“Nobody can really say they’ve run a truly successful community currency. And none of us can really say that we know what we’re doing” – this was how Tom Shakhli, manager of the Brixton Pound, opened CCIA’s conference last Friday, 24th April. While this may seem a strange way to welcome fellow enthusiasts and prospective converts, Tom’s admission highlighted the young, innovative and still evolving nature of the community currency field. It also pointed to the reason why people had come from all over the UK and further afield to attend the event: to learn from one another about the potentials, challenges and impacts of other projects.
Facilitating such exchanges is one of CCIA’s central aims. Leander Bindewald from the New Economics Foundation – a lead CCIA partner – gave an overview of our six pilot currencies. While several are still in very early stages of implementation, a number have made tangible steps towards achieving their goals – be it the e-Portemonnee’s aim of encouraging more environmentally friendly behaviour or the objective of the time credit programmes run by Spice and Makkie to reduce inequalities. Preliminary findings of the impact of CCIA currencies can be found in our interim report.
Next up, two speakers from Lambeth Council showed that, even if Tom thinks he doesn’t know what he’s doing, they are more than convinced of the benefits of the Brixton Pound. The first, Tom Bridgeman, summarised some of the challenges the council and residents of Lambeth are facing, particularly around gentrification and housing costs. Sue Sheehan then spoke on how Lambeth Council are seeking to address such issues through transforming themselves into a “cooperative” structure, with the Brixton Pound hitting “a lot of the council targets around social, environmental and economic objectives”.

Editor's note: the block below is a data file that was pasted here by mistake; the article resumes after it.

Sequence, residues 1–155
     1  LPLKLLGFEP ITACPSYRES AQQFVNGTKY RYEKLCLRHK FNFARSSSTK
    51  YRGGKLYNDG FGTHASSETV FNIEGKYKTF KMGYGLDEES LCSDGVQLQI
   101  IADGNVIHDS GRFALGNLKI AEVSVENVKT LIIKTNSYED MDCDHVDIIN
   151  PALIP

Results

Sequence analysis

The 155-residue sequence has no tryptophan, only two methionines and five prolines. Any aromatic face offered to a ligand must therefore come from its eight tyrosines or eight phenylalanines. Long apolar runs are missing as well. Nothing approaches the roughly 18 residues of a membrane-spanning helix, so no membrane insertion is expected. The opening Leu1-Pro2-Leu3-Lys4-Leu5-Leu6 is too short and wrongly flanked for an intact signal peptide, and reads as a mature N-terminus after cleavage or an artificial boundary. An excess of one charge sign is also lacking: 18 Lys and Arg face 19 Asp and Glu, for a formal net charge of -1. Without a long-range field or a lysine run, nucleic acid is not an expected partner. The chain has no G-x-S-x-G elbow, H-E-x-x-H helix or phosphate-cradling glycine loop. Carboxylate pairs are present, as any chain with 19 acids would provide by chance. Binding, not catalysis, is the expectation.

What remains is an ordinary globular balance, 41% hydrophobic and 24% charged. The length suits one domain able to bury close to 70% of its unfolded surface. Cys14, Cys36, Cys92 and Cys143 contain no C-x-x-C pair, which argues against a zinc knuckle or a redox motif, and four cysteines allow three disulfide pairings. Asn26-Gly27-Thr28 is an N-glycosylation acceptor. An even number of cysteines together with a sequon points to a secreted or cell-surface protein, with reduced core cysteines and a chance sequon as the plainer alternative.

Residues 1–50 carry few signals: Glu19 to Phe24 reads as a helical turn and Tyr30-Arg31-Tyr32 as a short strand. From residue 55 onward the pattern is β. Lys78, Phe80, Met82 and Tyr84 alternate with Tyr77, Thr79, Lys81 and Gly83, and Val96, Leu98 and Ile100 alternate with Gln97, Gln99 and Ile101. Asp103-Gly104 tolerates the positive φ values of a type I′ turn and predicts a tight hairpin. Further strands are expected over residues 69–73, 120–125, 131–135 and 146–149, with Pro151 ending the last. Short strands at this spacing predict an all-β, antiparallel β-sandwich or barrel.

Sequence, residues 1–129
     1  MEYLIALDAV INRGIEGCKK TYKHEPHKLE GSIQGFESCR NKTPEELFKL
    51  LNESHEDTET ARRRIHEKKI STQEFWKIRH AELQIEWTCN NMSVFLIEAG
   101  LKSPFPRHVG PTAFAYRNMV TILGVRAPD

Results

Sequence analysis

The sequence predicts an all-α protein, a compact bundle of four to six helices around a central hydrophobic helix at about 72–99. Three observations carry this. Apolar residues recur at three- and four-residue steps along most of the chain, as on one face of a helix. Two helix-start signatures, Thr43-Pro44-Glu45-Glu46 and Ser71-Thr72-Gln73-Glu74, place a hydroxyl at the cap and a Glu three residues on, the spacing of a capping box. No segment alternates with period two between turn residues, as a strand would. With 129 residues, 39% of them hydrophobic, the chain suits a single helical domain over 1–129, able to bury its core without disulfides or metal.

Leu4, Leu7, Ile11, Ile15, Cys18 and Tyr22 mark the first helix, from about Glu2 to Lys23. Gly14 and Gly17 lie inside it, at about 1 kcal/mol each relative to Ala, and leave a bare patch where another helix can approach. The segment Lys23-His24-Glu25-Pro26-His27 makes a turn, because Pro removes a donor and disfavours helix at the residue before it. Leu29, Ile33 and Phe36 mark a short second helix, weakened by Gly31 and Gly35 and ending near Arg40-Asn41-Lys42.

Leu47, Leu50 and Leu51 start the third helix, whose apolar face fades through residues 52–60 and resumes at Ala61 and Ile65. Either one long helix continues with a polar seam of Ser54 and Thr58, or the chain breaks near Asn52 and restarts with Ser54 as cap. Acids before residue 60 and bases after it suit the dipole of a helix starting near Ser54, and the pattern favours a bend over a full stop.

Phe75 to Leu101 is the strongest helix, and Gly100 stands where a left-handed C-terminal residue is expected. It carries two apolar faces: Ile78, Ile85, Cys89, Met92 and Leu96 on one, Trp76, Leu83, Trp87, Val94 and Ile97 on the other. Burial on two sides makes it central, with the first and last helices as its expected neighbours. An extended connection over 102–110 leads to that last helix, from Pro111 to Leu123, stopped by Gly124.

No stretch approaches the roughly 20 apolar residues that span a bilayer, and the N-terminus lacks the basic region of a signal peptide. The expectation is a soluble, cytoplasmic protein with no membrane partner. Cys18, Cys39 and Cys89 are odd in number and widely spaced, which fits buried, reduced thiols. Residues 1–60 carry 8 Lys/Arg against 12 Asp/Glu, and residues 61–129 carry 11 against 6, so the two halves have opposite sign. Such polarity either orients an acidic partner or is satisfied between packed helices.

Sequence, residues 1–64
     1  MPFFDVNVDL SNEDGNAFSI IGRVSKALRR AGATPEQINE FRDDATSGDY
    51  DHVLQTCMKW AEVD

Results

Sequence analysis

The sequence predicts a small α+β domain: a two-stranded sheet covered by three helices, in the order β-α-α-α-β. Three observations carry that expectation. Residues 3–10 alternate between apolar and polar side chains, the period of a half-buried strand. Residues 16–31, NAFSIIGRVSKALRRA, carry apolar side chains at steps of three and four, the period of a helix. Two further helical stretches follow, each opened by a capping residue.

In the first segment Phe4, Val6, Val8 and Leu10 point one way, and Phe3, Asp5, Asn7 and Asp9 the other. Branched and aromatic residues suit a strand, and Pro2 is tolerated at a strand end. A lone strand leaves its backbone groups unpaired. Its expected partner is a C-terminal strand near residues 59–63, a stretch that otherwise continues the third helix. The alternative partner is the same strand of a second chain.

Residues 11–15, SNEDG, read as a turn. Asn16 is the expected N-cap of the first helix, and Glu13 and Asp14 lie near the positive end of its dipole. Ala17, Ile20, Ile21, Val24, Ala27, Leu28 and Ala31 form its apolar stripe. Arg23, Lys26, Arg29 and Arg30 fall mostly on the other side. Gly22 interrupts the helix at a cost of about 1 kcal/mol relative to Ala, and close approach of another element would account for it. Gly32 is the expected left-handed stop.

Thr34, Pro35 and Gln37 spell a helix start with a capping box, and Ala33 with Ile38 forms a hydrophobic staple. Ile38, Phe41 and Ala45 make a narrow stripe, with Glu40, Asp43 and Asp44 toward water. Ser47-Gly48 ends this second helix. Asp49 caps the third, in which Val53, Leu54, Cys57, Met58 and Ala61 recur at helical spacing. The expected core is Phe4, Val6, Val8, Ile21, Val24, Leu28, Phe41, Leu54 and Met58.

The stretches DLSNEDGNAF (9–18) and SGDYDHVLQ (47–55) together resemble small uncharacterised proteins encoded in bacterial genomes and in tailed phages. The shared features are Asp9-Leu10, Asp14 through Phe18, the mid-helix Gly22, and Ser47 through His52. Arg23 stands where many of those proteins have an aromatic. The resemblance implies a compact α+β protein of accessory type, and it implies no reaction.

After lunch, our two headline acts took to the stage. Brett Scott, author of The Heretic’s Guide to Global Finance: hacking the future of money, took us through some of his “adventures in alternative currencies”, from the global phenomenon of Bitcoin to the Greek TEM, which emerged in response to the current crisis. Regarding the Brixton Pound, Brett identified its value less in its actual economic impact than in the fostering of a mentality of economic solidarity among local residents and small businesses. This, he suggested, could be pushed further by using the currency as a tool to bridge the gaps between the multiple economies within Brixton, countering the divisive dynamic of gentrification.
Nigel Dodd, a professor of sociology at the London School of Economics and author of The Social Life of Money, then embarked on a tour de force which took in everything from 1980s thrash metal to his delight upon recently being told by a student that “researching money is cool now”. Community currencies, said Nigel, help us to see the nature of money and reveal its transformative, utopian potential as well as its dystopian effects. The “fuller, more enhanced forms of money” represent a subversion of the types of money created by powerful individuals and institutions, appropriating and redesigning a social technology to fulfill the needs of various communities.
If you missed out this time, join us for CCIA’s closing conference in Brussels on 19th May.